What is most moving about the nineteenth-century photographs of the French-Canadian lepers of Tracadie is that the subjects are often dressed carefully in their Sunday best. Despite their ruined faces and missing noses, facial growths and tumours, the little girls and women have tied white bands in their hair; the men wear ties and waistcoats.
We think of leprosy as a far-off tropical disease, certainly not a Canadian problem. But these lepers, some of the last inmates of the leper hospital in Tracadie, New Brunswick, were Canadian victims of one of history’s most feared diseases.
In 1844, Francois Xavier Lafrance, a young priest newly arrived in the northeastern New Brunswick fishing community of Tracadie, reported a horrifying discovery. Some of his parishioners were disfigured by a “loathsome disease.” Their faces were distorted with fleshy lumps and swellings; noses, hands, and feet were ulcerated and gangrenous, with bones showing through gaping wounds. Their breath was foul and voices husky as the disease invaded their throats. Some were blind.
Responding immediately to the priest’s urgent request, New Brunswick authorities dispatched a medical commission. In their report, the doctors confirmed Lafrance’s suspicion: The villagers were suffering from leprosy, a slowly progressive, often-fatal, skin- and nerve-destroying disease — “identical with the tubercular leprosy which prevailed throughout Europe during the Middle Ages.”
Older settlers helped the commissioners pinpoint the first case. Ursule Benoit, an Acadian woman, had showed signs of leprosy in 1817, dying of the illness in 1828. The commissioners heard the gruesome story that at Benoit’s funeral the liquefying contents of her casket leaked onto the bruised shoulder of a pallbearer, who subsequently contracted leprosy and died. Since then, cases had been appearing in the region. In their 1844 report, the commissioners identified eighteen still-living victims.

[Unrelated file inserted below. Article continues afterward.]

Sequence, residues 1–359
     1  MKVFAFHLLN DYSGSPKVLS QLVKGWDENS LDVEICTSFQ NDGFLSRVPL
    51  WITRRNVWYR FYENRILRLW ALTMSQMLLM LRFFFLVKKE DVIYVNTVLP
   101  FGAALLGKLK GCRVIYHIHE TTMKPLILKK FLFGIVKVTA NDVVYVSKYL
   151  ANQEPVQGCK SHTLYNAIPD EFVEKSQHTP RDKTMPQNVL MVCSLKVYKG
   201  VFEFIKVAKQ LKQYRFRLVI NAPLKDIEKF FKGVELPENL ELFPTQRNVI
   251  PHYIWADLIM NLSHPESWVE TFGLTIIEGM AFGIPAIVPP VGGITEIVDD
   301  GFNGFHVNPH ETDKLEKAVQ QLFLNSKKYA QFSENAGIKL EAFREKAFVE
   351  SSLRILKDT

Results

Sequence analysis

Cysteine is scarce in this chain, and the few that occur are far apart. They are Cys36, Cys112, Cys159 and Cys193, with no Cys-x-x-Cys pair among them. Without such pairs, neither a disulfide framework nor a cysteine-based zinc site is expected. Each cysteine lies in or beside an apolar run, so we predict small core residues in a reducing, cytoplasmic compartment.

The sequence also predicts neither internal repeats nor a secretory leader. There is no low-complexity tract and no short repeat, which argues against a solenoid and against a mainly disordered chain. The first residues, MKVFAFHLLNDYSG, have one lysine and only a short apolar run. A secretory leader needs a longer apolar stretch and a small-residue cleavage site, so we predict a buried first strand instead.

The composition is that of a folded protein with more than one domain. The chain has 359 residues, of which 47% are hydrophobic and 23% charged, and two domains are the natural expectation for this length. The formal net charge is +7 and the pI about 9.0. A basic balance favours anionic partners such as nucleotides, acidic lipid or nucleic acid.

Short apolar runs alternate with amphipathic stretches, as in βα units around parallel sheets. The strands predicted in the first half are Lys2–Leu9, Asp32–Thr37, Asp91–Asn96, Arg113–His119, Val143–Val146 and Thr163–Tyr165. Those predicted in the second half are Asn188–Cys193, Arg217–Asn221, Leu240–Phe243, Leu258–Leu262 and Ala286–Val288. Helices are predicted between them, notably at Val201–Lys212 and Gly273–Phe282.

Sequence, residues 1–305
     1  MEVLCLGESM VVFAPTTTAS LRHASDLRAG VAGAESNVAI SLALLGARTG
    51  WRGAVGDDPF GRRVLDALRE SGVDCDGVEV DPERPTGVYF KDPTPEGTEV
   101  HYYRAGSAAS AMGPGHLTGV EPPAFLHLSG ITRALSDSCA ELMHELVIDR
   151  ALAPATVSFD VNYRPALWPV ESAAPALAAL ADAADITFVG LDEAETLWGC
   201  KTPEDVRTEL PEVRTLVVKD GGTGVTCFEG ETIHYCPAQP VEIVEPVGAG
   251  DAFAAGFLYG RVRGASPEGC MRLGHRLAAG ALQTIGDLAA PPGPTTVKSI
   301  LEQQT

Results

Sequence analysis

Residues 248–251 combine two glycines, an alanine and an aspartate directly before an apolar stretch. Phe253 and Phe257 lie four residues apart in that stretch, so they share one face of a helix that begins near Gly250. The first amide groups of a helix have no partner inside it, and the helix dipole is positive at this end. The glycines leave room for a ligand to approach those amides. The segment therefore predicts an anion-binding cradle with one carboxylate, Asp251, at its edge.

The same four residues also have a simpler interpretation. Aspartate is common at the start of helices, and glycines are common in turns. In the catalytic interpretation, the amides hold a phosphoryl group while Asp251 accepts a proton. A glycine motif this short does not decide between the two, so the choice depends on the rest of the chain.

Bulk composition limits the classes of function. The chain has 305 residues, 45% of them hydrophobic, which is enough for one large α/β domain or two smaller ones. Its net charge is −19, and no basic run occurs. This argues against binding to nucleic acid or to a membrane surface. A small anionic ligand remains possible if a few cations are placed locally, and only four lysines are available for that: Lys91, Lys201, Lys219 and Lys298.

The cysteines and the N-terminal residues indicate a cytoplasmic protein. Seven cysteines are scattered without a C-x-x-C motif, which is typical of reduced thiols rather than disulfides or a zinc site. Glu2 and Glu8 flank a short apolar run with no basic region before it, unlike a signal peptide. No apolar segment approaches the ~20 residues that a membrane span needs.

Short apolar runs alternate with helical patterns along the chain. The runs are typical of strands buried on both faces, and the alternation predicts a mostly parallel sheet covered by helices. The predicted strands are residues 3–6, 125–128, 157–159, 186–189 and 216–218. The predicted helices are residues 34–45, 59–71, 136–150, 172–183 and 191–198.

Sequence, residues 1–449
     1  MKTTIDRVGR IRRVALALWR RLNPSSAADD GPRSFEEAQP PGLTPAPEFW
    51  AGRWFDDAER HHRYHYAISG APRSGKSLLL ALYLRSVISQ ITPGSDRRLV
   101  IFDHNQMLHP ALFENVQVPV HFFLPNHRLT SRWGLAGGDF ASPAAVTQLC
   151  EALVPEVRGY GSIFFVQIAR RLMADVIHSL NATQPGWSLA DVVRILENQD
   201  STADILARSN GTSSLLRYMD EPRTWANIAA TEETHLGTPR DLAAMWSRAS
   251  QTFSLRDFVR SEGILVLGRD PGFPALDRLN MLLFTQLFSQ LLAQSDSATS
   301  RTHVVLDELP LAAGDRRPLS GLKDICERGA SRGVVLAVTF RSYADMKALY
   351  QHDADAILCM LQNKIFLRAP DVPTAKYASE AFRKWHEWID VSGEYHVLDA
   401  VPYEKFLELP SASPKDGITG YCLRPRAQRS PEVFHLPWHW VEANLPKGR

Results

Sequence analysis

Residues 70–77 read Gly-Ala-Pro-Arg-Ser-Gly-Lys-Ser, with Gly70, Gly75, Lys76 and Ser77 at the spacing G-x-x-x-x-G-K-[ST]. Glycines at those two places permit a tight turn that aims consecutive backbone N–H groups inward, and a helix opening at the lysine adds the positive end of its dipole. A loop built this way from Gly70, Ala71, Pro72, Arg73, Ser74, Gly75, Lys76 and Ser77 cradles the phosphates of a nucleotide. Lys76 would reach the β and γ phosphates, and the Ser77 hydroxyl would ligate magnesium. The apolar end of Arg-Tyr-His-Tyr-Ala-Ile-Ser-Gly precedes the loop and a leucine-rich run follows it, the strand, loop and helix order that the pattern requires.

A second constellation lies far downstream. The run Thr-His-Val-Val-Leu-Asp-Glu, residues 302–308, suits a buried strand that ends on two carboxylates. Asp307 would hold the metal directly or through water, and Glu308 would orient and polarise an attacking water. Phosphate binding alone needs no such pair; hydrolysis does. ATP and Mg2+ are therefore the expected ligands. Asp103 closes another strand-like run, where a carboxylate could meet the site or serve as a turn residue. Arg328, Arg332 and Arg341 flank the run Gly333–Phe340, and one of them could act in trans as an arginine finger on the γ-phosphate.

Leprosy has been feared throughout history. In the Middle Ages, lepers were deemed “unclean.” A still-living leper would be given a funeral mass, declared dead, and banished from the community.
In keeping with this grim tradition, the commissioners ordered the afflicted men, women, and children — some as young as eight — rounded up and segregated in an old cholera quarantine station on Sheldrake Island, located at the mouth of the Miramichi River, approximately eighty kilometres from their homes. There, virtually abandoned, the lepers were to live out the remainders of their lives.
Sheldrake leper colony was no hospital sanatorium. The quarantine sheds were airless, dark, cold, and dirty. Medical care was non-existent. The less crippled were expected to care for the more mutilated.
Conditions rapidly deteriorated. One visiting doctor described the horror of the scene in 1849: “I never saw a spectacle more calculated to harrow the feelings of humanity. The stench was so intolerable from putrefaction that it required the greatest determination even to undertake … treatment.”
The French-Canadian leper colony attracted much medical attention at a time when the quarantining of lepers had become highly controversial. A series of searing articles in the medical literature was critical of New Brunswick’s handling of the situation.
“The crimeless sufferer has been condemned by the legislator of his country to perpetual imprisonment,” wrote Canadian physician Dr. Robert Bayard in an article in The Lancet.
Doctors such as Bayard thought quarantine was unnecessary because the disease was too rare to be transmissible. Leprosy had existed for twenty-eight years amongst the 22,000 residents of two New Brunswick counties, yet only forty cases had ever occurred. And close contact between diseased and healthy people was common. Babies were often nursed by “leprous mothers” and lepers slept with healthy spouses.